Senpai: What it means and how to use it in Japanese!

Published July 11th, 2021

So you’ve watched a few episodes of anime or Japanese drama and heard the word “senpai” (先輩) more than a couple of times. I think it might have been the first few Japanese words that I’ve learned. I bet even your friends who don’t know Japanese might know this word.

If you watched it with subtitles, then you probably have assumed the meaning of it. But we’re here to clearly define what it is, how to use it and if it’s used as often in real life as it is in Japanese media.

All your doubts and questions are cleared and answered right here in this article – you’re just a scroll away from them!

The Definition of ‘Senpai’

So, what is “senpai”? The word can be defined as “senior, superior or elder” in short. It then begs the question of who can be classified as a senpai – what are the requirements to hold such a title?

Basically, a senpai is a person who is in a higher position than you in terms of skill, age, experience or social status. A senpai can also be someone who entered a workplace or school earlier than you.

Let’s look at a few examples.

In Japanese schools, the term senpai as well as kouhai (後輩) are first introduced. The older students enter the school earlier than the younger ones, hence they’re automatically senpais. In this case, age might not matter (although the usual case is that those older than you are in grades above you). If you have someone of the same age but enters school earlier, they’re still considered a senpai.

Especially during after-school club activities, the senpai-kouhai relationship is strong as the senpais are required to instruct their kouhais and train them.

Then there’s the workplace. The senpai terminology isn’t only used in schools. At a workplace, the relationship between senpais and kouhais differ a bit. Instead of instructing their kouhai, senpais take on the role of taking care of the people under them. If you’re a senpai at work, you have a sense of responsibility to look after your kouhai. Depending on the company, the senpai-kouhai relationship can differ.

Other organisations like part-time jobs and those relying on mentorship relationships like dojos also have similar senpai-kouhai relationships.

How to Use ‘Senpai’

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So, how do you use the term “senpai”? At school, you usually attach it to the end of the person’s name. If the person in the grade above you is called Nakamura Kei, you can call him “Nakamura-senpai”. Sometimes, depending on the situation, you can also call them with their first name, like “Kei-senpai”. This reflects the intimacy of the relationship, but most of the time, it’s the last name.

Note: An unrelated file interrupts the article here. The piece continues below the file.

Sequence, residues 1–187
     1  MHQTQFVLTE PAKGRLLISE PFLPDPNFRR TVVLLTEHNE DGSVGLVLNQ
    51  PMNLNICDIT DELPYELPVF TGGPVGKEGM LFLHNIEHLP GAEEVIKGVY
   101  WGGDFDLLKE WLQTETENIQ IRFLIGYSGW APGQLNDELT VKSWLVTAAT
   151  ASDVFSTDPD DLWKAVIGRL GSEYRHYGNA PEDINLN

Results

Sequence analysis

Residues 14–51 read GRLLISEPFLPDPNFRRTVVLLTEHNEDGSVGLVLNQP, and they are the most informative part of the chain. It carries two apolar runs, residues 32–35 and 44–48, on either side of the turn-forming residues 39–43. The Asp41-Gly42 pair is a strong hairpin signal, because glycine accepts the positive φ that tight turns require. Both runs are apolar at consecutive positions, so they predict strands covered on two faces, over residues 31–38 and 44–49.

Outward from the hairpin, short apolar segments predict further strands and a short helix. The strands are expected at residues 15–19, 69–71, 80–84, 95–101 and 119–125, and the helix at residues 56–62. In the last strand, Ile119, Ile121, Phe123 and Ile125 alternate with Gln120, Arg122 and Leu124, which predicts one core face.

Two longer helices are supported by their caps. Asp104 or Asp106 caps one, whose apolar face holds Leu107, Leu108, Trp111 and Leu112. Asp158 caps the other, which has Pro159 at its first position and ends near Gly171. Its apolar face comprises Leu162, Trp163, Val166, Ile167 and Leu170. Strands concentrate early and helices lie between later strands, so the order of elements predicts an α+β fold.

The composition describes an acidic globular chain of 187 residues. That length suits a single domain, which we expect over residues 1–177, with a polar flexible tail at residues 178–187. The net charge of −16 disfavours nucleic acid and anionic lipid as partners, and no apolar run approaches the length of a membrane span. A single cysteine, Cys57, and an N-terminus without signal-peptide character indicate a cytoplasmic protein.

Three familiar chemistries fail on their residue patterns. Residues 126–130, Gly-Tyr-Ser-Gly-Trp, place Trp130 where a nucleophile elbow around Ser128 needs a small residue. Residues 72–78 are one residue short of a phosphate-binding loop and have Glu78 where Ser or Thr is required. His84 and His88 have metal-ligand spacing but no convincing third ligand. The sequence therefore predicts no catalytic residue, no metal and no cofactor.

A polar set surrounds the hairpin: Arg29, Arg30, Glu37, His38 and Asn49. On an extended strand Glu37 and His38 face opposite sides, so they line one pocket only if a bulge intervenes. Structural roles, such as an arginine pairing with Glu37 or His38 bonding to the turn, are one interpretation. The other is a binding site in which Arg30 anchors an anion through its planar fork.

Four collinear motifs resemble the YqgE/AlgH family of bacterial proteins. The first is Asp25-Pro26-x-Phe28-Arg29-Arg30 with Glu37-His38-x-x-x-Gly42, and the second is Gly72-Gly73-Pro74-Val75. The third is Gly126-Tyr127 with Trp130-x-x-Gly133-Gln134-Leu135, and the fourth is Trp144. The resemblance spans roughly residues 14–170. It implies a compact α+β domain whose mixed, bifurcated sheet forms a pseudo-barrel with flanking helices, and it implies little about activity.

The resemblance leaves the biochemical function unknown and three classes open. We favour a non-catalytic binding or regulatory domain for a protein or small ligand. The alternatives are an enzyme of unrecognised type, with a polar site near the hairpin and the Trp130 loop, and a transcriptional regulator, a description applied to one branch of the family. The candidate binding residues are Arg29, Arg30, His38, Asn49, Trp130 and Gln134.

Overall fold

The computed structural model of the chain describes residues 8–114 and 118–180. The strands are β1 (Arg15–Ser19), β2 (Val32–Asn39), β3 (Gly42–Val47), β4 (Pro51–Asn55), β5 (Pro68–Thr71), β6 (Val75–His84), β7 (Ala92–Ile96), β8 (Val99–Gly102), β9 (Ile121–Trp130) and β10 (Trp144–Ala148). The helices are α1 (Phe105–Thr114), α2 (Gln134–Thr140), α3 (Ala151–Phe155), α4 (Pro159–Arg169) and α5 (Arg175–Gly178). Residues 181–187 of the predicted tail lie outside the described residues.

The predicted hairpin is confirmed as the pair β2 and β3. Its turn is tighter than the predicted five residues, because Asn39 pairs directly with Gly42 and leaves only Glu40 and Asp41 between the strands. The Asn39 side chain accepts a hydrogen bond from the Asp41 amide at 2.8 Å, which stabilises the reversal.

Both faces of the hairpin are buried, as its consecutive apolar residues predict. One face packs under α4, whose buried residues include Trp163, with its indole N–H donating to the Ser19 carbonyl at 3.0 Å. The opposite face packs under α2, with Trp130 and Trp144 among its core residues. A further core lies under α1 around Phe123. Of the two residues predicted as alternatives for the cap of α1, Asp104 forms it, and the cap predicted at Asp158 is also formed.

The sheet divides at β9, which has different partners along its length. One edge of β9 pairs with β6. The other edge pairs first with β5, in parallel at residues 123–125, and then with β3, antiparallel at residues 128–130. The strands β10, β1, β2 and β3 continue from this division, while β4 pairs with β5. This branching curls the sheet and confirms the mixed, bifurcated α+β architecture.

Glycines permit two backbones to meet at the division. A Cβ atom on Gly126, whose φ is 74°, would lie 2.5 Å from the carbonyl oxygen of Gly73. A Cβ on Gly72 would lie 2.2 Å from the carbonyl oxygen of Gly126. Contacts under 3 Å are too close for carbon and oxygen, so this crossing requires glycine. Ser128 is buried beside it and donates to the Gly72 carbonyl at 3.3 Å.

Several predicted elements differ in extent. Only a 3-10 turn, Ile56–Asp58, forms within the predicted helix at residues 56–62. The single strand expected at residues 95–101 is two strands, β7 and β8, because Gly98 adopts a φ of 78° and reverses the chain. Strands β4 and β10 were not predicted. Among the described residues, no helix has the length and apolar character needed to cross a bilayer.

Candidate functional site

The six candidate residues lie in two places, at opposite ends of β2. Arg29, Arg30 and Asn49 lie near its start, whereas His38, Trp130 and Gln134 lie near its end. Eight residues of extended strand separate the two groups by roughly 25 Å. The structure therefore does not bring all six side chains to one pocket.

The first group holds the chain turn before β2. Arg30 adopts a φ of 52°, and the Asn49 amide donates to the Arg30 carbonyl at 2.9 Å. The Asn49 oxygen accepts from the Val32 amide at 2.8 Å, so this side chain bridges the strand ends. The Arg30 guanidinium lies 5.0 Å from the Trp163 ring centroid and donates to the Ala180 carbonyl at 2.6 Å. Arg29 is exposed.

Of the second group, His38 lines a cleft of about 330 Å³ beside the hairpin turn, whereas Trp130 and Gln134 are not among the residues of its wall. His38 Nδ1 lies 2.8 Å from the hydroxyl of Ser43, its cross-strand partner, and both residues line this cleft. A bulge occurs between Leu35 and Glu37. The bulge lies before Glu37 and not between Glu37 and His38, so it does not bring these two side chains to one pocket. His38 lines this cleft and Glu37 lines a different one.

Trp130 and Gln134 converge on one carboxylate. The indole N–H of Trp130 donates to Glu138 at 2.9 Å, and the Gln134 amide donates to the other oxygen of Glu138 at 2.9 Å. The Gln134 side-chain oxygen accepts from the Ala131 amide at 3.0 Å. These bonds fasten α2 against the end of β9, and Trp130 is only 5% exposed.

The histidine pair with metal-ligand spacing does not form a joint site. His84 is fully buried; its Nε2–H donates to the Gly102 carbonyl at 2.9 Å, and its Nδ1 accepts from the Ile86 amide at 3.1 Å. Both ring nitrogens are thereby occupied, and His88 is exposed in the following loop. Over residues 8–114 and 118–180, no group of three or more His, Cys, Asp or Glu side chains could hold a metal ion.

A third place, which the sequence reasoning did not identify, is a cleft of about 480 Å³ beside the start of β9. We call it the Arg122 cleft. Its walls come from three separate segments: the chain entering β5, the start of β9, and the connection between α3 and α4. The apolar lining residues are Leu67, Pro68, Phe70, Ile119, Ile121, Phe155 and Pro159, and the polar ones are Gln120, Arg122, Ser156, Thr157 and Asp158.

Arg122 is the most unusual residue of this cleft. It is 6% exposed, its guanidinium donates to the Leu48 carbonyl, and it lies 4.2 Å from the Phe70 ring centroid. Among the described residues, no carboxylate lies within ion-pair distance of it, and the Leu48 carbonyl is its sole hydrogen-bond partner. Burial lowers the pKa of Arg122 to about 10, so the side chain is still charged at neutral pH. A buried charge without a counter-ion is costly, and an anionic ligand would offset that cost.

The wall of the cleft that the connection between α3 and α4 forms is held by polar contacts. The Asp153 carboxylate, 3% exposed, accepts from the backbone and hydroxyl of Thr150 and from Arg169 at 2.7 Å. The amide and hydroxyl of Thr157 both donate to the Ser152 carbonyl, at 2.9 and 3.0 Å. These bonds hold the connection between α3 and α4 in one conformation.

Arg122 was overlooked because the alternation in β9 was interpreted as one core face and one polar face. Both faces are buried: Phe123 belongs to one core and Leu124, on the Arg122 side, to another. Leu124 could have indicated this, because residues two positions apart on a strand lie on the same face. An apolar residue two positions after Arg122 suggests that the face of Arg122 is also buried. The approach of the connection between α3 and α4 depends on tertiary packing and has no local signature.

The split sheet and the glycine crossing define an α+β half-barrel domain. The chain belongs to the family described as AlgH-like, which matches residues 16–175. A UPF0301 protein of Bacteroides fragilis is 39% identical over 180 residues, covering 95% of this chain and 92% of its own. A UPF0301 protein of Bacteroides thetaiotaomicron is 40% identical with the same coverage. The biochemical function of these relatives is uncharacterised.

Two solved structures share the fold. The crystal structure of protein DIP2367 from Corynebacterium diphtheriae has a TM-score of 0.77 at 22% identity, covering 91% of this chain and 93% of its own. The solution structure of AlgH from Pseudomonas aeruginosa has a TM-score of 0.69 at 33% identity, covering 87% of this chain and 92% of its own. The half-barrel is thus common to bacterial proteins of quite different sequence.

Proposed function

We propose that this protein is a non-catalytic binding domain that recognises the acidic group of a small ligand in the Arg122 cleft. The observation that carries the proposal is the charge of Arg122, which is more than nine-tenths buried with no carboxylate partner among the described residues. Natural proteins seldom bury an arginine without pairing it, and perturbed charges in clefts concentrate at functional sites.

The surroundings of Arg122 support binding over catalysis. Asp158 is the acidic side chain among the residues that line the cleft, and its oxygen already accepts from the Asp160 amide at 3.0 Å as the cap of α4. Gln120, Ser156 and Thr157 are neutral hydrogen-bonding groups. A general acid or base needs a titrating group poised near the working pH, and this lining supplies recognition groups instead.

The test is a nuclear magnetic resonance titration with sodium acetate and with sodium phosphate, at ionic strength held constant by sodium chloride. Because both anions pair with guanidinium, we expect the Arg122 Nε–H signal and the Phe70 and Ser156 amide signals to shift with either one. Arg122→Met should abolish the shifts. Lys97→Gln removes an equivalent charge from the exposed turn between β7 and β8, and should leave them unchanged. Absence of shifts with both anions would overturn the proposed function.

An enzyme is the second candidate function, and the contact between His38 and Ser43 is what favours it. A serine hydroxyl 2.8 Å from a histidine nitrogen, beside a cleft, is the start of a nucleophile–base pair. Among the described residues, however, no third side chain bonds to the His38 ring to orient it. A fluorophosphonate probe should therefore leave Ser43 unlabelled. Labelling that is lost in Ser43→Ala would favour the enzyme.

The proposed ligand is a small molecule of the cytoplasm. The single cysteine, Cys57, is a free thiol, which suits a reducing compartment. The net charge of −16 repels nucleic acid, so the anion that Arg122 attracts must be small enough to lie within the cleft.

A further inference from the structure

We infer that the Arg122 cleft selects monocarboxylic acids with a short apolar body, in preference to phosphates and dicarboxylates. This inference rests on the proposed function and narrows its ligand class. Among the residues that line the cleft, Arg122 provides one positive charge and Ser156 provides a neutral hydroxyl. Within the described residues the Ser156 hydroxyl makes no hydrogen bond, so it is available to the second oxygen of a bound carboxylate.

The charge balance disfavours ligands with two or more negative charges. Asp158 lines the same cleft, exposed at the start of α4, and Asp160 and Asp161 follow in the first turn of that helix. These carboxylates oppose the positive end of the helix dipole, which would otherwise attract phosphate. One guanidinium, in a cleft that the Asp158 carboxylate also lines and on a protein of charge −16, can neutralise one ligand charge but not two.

At workplaces, it’s common to attach “san” (さん) instead of “senpai”. “San” acts more like “Mr.”, “Miss”, or “Mrs.”, but it holds the same impact as “senpai”. Say the same person is in a higher hierarchical position than you at work. You can call him “Nakamura-san”. This way is more appropriate than the first way.

Alternatively, you could just call him “senpai” on its own without the name attached to the title. This can be used at both school and workplace.

The Respect Attached to “Senpai”

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What’s just as important as the title is the respect attached to it. Just like any title, there’s a certain way you have to act with someone who holds that title. You don’t go up to your boss and say, “Hey, man! How’s it going”, right? If you do, I envy you – you have a pretty cool boss.

Anyway, your senpai is someone who is more experienced or skilled, older than you or someone who is going to train and take care of you. In other words, your care is in their hands. Whether it’s at school’s club activities or at the workplace, your senpai has insights and skills that they can pass down to you.

When speaking to your senpai, it’s best to use the polite or formal form. This includes the “desu” (です) and “masu” (ます) forms. By using these forms, you’re showing that you’re respecting your senpai.

Or at least for the beginning of the senpai-kouhai relationship. Over time, you might find yourself growing very close to your senpai and it then becomes a more “douryou” (同僚) relationship where you speak less formally. I know a few friends who are extremely close with their senpai that they go out drinking ever so often and talk like they’re the closest buddies. It all really balls down to how cool your senpai is. You might get a strict senpai who plays by the hierarchical formality pretty rigidly.

Now that you know who can be classified as a senpai, how to use the term and how to act with a senpai, will you be practicing this with your higher-ups at the workplace or school? I’m pretty sure they’ll be honoured to be called your senpai. I’ll try that with higher-ups – you should, too!